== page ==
The district Federal Reserve banks are organized rather like private banking corporations whose shareholders consist of the private member banks in the district.
Credit Policies of the Federal Reserve System | Mises Institute
But despite their semi-private character, the district Federal Reserve banks exercise Congressionally delegated legal powers to regulate the banking industry. Each district Federal Reserve Bank is managed from day to day by its own president, who is elected to a 5-year term by his district Federal Reserve Bank's own individual board of directors.
Two-thirds of the members of the district boards of directors are elected to their positions by the privately owned commercial banks in the district that are member banks of the Federal Reserve system. Member banks are divided on the basis of their assets into "small", "medium", and "large" banks, with each category of banks allowed to elect two directors on a "one bank, one vote" basis.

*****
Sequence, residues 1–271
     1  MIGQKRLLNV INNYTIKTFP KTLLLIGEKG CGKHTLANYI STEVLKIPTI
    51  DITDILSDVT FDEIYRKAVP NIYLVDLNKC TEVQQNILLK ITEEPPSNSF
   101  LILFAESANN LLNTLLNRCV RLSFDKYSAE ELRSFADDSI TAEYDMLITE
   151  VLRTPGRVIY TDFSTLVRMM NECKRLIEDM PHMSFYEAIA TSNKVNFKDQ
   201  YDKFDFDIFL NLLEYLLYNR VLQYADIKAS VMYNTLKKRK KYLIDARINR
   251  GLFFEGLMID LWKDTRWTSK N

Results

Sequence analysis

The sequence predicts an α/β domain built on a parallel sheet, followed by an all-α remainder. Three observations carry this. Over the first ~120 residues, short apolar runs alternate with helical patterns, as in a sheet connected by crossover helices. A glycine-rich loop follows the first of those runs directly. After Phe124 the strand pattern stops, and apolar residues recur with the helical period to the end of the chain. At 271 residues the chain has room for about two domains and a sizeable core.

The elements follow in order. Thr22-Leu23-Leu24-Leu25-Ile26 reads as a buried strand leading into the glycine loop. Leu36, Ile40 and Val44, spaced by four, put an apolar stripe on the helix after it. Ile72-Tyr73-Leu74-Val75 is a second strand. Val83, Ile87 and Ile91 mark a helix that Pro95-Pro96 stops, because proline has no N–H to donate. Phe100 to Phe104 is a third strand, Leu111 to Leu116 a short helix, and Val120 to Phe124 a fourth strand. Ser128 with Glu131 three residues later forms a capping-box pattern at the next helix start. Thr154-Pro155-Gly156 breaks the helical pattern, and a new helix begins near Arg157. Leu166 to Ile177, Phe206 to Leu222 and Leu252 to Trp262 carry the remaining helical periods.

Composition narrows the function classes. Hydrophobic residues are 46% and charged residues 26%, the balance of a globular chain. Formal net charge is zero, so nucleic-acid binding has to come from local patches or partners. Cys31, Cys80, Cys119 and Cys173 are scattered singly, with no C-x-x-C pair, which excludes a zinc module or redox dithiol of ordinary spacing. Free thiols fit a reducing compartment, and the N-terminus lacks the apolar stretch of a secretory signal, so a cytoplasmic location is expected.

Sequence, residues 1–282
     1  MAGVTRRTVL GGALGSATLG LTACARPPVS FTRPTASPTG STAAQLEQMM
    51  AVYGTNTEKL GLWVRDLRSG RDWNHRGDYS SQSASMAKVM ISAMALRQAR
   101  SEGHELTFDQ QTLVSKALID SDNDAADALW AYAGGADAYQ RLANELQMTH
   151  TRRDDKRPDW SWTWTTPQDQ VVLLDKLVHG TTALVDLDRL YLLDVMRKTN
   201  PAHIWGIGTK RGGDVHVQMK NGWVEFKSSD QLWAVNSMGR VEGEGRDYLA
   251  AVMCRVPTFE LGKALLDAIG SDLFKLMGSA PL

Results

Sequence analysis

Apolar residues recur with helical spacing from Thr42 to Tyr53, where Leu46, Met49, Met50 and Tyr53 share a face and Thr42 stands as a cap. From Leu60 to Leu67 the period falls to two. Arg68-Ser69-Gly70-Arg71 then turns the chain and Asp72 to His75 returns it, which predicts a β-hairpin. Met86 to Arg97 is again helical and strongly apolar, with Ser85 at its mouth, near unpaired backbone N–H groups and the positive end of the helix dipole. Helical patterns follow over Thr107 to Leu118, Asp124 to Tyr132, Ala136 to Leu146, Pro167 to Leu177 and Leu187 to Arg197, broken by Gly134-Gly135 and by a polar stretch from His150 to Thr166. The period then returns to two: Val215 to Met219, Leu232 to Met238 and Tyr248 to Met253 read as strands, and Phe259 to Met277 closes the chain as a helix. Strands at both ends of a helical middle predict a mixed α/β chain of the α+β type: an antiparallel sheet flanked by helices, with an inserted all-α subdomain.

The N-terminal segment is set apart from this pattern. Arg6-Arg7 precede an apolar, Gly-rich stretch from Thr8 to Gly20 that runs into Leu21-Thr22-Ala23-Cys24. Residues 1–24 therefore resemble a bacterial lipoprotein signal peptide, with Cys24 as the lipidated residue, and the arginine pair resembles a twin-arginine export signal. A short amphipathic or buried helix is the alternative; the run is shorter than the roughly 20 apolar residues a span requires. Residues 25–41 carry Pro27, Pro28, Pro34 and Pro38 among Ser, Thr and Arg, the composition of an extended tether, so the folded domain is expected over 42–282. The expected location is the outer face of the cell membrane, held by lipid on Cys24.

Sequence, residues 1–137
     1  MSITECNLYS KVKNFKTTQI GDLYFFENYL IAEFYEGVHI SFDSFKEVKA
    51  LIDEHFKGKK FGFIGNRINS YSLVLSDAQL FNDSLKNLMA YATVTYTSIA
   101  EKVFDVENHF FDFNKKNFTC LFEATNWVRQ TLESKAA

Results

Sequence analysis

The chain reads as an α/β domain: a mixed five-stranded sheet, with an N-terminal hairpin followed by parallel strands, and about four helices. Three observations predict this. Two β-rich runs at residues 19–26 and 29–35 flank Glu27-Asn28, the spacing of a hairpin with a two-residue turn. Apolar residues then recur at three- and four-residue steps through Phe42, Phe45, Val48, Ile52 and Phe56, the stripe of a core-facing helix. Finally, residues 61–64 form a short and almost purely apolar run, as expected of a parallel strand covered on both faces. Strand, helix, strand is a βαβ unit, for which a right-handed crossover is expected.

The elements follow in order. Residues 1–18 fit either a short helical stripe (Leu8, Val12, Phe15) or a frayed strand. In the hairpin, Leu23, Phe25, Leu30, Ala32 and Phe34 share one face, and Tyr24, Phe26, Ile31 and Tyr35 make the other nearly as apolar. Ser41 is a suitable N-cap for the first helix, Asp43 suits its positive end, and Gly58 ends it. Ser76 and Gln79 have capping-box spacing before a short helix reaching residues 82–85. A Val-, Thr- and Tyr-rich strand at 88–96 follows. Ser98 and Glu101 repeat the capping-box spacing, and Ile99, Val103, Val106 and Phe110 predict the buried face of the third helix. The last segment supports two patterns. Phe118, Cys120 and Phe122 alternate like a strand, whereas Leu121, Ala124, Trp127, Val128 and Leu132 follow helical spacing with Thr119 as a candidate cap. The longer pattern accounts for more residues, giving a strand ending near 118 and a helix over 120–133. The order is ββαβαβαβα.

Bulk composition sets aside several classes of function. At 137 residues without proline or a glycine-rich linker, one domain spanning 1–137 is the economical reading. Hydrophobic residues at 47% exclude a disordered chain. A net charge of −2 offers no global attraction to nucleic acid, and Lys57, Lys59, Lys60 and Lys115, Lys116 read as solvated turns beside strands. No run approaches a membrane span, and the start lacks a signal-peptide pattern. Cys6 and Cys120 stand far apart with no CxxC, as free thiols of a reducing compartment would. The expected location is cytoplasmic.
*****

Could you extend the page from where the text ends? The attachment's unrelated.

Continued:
The other one- third of the directors in each district are appointed from Washington by the Fed's Board of Governors, rather as though the Board of Governers were a major creditor or minority stockholder with guaranteed representation on the district boards. The district Federal Reserve Banks act as non-profit "bankers' banks" -- that is, only commercial banking or depository institutions and certain agencies of the federal government maintain deposits at the Federal Reserve, and only member banking institutions and the US government are eligible to receive loans from it, not private citizens nor other kinds of non-bank commercial enterprises.
All banks chartered as "national banks" by Federal law must be "member banks," that as such are obligated to maintain most of their reserves as deposits in their accounts at the Federal Reserve and to submit to detailed Federal Reserve banking regulations. Many state-chartered banks and thrift institutions nowadays also choose to be members of the Federal Reserve System and submit to its regulations in order to enjoy the valuable services which the Fed provides to them.